Educate yourself about the experiences of women in science by reading articles, following pages devoted to women in science, and learning about the real challenges and difficulties women face in the disciplines of science. At the end of this article, check out the links with stories and research from incredible women in science.
From left to right: Women of Fisheries members Kristina Morben and Marika Dobos.
Step 2: LOOK INWARD AND CHECK YOUR OWN BIASES
There are many unconscious and subtle biases that can affect opportunities for women in science. Becoming aware of these is an important step in creating more equitable environments. Here are examples of some typical subtle biases and solutions to consider.
- Hiring: Questions and hiring processes may focus on finding people similar to previously employed individuals, who were predominantly men.
- Solution: Allies consider questions and processes that truly focus on the skills and requirements of the position rather than ones that focus on the attributes and characteristics of the person or demographic who have typically occupied those positions. Additionally, consider the difference between the experience that one needs to bring to the job versus something that someone could easily be trained on once arriving at the job.
- Fieldwork: Field gear and field tasks are often delegated based on gender stereotyping and masculinity. Additionally, logistics with bathroom breaks and nursing mothers in the field often go unaccounted for by managers who have not had to worry about these issues in the past.
- Solution: Allies purchase appropriately sized field gear for all members of a team, assign tasks equitably, and account for breaks to occur in locations that are appropriate for all members of the field team.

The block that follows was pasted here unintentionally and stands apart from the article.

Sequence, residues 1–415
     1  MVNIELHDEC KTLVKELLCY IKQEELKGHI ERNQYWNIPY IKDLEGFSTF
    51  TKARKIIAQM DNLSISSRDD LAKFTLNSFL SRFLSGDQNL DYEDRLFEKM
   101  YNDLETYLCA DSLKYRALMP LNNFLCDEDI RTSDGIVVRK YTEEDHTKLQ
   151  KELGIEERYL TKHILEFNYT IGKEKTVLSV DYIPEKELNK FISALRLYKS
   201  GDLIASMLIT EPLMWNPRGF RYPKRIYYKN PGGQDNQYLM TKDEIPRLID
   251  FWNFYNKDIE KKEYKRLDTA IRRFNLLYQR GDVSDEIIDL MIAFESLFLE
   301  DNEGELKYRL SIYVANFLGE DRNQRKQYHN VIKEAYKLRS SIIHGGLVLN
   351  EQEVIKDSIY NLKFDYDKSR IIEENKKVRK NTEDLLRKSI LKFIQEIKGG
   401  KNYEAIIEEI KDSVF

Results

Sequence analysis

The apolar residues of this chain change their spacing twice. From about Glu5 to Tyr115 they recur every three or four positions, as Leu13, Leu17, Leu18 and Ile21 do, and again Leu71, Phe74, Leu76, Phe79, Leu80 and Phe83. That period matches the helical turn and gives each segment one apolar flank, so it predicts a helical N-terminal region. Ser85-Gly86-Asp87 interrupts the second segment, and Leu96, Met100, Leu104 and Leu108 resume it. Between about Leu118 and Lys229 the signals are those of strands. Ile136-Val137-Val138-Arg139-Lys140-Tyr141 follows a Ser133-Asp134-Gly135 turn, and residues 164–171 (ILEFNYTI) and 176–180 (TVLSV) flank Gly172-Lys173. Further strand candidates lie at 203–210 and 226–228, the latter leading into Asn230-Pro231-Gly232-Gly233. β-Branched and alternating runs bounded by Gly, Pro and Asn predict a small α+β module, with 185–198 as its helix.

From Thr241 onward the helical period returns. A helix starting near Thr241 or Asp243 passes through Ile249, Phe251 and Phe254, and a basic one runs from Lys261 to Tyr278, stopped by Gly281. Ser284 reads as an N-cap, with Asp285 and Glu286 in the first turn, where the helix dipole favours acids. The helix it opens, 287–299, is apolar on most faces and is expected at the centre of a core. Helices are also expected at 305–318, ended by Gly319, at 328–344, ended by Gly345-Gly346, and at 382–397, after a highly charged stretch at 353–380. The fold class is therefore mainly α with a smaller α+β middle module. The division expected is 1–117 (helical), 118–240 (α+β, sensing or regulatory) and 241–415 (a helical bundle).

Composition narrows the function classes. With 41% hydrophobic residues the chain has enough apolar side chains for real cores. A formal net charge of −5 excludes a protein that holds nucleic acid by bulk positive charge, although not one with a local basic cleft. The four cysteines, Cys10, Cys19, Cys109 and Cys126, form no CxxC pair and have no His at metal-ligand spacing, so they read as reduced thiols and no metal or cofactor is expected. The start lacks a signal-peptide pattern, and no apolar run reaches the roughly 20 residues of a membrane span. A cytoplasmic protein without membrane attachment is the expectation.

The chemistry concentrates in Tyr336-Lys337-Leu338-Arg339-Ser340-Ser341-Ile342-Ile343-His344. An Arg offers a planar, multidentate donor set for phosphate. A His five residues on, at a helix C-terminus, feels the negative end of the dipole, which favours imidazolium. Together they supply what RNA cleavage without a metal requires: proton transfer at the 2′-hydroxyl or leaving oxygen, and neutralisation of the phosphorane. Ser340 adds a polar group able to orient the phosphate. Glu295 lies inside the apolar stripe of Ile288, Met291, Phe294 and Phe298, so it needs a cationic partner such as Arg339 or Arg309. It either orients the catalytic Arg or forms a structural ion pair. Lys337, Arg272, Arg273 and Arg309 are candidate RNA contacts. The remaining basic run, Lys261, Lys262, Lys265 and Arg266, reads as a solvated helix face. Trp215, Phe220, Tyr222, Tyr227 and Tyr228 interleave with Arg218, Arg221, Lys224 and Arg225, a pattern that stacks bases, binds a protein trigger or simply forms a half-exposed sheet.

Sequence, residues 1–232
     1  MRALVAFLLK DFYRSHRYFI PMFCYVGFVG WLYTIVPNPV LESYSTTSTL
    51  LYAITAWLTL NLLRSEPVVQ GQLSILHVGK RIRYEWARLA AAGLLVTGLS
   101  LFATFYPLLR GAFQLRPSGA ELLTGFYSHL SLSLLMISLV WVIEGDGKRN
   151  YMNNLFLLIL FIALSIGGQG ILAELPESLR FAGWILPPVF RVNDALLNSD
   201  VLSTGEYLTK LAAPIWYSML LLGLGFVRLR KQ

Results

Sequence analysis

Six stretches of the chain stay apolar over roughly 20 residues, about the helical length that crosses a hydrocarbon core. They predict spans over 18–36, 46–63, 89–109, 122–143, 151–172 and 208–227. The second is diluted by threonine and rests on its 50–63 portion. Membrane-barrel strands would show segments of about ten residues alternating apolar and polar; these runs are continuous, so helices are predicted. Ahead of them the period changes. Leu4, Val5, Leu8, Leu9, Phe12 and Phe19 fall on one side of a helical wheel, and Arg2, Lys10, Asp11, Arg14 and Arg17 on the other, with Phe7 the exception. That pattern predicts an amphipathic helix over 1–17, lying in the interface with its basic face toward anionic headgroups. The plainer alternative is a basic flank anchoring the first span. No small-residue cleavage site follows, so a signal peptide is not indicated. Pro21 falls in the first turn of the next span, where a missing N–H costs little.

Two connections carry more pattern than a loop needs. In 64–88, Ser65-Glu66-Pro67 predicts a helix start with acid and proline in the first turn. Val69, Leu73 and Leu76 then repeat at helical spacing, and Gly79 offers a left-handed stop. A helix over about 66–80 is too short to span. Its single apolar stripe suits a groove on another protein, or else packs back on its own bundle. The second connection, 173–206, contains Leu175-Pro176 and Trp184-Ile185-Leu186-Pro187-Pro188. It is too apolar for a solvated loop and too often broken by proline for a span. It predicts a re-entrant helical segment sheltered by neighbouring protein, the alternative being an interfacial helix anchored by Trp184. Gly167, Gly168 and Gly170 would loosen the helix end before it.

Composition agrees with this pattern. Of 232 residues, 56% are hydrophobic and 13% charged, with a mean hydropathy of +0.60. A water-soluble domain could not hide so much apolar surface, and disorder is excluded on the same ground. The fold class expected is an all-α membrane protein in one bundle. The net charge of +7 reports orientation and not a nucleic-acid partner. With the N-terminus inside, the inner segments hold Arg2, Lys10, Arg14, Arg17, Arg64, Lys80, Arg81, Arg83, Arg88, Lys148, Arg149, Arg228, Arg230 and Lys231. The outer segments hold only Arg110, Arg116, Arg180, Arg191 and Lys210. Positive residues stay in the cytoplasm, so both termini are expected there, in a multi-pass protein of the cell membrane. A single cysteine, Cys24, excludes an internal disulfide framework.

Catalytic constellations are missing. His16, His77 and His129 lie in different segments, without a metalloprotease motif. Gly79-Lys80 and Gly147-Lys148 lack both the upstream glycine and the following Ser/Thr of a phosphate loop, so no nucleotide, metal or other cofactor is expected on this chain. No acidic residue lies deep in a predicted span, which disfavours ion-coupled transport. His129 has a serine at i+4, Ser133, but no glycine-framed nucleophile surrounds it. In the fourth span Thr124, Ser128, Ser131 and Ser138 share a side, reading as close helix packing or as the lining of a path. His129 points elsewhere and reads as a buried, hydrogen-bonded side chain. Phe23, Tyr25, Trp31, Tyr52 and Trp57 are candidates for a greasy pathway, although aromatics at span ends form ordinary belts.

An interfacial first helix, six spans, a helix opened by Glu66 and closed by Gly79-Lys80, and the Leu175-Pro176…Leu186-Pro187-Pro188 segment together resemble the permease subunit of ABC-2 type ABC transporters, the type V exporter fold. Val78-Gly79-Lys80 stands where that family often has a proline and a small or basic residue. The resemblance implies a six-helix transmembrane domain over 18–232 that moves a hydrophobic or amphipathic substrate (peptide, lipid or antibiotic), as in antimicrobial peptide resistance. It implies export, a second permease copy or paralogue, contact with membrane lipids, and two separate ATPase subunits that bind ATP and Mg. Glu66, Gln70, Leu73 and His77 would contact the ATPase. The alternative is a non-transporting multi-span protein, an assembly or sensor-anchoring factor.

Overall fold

- Diversity initiative: Serving frequently on diversity initiatives and spending a higher portion of time on diversity and inclusion activities can adversely impact career advancement.
- Solution: Allies devote time to advancing diversity issues and serving on diversity panels to share the load and ensure equitable time allotment across all individuals.
- Circle of Influence: People often identify with others who share a story similar to theirs.
- Solution: Allies seek representation and volunteerism from a diverse group that looks different than their own reflection.
- Benevolent Sexism: Individuals can sometimes encourage undertones that seemingly profess positive attributes of women while at the same time treating them as fragile creatures who are less competent and in need of protection.
- Solution: Allies seek to treat all individuals equally and equitably through work assignments, tasks, and positions and don’t seek to protect individuals from stereotypically driven biases.
From left to right: Women of Fisheries members Karen Gregory and Samantha Glover
Step 3: TAKE ACTIONS AS AN ALLY
Once you increase your knowledge and take stock in your own biases, it is time to take action.
- Step back and amplify women by nominating them for awards, inviting them to serve on panels and committees, and encouraging their participation in leadership training courses.
- Speak out by encouraging diversity and say something when you see an example of gender bias or discrimination.
- Address the mom penalty by taking or recommending steps to support mothers.